President Biden Extends Federal Eviction and Foreclosure Moratorium Through March 31, 2021

by Rich Vetstein on January 27, 2021

Extension of Eviction and Foreclosure Moratorium Part of Flurry of Executive Orders Signed by Biden In First 48 Hours Of Presidency

On January 20, 2021, President Joseph Biden signed an executive order mandating that the Centers for Disease Control and Prevention (CDC) extend the current CDC federal eviction moratorium until March 31, 2021. While the extension is not yet published in the Federal Register, Dr. Rochelle Walensky, the new director of the CDC, has already agreed to implement the eviction moratorium extension. As is the practice under the current moratorium, a tenant must provide the necessary CDC declaration to the landlord and/or court to secure protection of the moratorium. 

While signing the new Executive Order, President Biden also stated that he wants to work with Congress to extend the moratorium even further through September 2021. So we will be monitoring how that plays out.

The Executive Order similarly calls on federal housing agencies such as the Federal Housing Finance Authority (FHFA), the Federal Housing Authority (FHA), and the Department of Housing and Urban Development (HUD) to extend their existing foreclosure and eviction moratoriums through March 31, 2021.

While the Biden administration has presented its American Rescue Plan (ARP), which includes an additional $25 billion in rent and utility aid to households in need, much of the rental and utility relief set forth in the ARP requires approval from Congress, similar to the year-end pandemic relief bill that was signed into law on December 27, 2020.

Temporary Eviction Moratorium for Tenants Applying for Short Term Emergency Rental Assistance (RAFT)

As I wrote about earlier, at the very end of 2020, Gov. Baker signed into law Chapter Chapter 257 of the Acts of 2020 which provides for a mandatory pause on any eviction where a tenant has applied for rental assistance. The Housing Court has issues a new Standing Order which provides as follows:

  1. If the parties do not agree to a continuance, a party may request a continuance by motion.  Notwithstanding its equitable authority, pursuant to Section 2(b) of St. 2020, c. 257, the court “shall grant a continuance for a period as the court may deem just and reasonable if” the court determines that the criteria enumerated in the statute are met.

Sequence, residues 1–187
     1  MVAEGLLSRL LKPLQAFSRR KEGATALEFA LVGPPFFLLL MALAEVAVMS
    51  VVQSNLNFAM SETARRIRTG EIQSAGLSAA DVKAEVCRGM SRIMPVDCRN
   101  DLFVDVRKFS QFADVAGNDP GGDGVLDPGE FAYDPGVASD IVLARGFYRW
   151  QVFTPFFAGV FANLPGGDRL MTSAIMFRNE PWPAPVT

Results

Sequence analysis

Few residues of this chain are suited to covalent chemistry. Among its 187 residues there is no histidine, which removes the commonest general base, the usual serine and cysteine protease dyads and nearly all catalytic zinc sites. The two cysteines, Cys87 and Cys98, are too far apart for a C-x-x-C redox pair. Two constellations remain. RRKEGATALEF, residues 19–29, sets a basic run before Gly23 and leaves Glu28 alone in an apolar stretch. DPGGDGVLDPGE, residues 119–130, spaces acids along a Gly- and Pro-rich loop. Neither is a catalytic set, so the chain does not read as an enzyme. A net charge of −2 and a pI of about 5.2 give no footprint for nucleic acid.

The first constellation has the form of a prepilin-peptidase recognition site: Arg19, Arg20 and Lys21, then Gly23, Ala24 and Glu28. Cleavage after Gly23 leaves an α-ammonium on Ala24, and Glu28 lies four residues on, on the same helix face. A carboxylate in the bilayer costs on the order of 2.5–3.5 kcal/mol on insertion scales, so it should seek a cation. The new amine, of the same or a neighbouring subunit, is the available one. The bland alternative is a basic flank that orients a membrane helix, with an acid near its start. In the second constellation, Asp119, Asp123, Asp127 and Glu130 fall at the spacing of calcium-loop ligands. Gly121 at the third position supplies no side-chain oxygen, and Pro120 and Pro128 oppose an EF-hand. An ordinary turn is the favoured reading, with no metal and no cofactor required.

2. Pursuant to Section 2(b) of St. 2020, c. 257, no judgment may enter, nor may any execution issue, in a summary process action for nonpayment of rent if there is a pending application for rental assistance.  While parties may enter into an agreement for judgment in such an action, the agreement shall include language that entry of judgment and enforcement of the agreement is subject to St. 2020, c. 257 and the CDC Order.

We are seeing a big increase in tenants applying for, and being accepted for, RAFT aid, which is now increased to a maximum of $10,000, plus stipends available to cover future rent. So this is a good thing.

My general advice to landlords now is that if your tenant owes $10,000 or less, you really should seriously consider going the RAFT route, otherwise you aren’t going to get your tenant out until the summer at the earliest, and you’ll be owed even more in unpaid rent. If you are owed over $10,000, it’s a different calculation. You may want to consider offering a move-out agreement with rent waiver and/or cash for keys, in order to cut your losses. Otherwise, prepare for a long wait for your trial date. You can theoretically file a motion for rent escrow but you’ll have to wait for your hearing date, etc.

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